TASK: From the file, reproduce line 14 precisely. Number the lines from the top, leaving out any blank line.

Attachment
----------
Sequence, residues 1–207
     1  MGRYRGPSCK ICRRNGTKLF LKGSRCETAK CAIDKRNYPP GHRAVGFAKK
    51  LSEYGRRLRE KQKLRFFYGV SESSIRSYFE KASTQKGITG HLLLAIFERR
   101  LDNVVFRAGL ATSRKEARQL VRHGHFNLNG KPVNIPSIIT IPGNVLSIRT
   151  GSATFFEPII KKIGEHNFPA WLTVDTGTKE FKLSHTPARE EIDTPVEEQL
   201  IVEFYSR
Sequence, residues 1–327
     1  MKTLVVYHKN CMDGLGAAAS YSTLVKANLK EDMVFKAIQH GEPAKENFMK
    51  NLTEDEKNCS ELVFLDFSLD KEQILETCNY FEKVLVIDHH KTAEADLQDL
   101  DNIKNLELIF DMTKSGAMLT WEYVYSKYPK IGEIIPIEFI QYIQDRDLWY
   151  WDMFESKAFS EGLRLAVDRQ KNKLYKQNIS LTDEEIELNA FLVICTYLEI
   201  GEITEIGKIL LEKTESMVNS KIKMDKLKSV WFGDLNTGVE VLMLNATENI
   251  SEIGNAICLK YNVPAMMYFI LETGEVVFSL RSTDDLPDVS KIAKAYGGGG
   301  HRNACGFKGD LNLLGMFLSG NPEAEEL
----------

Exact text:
   301  HRNACGFKGD LNLLGMFLSG NPEAEEL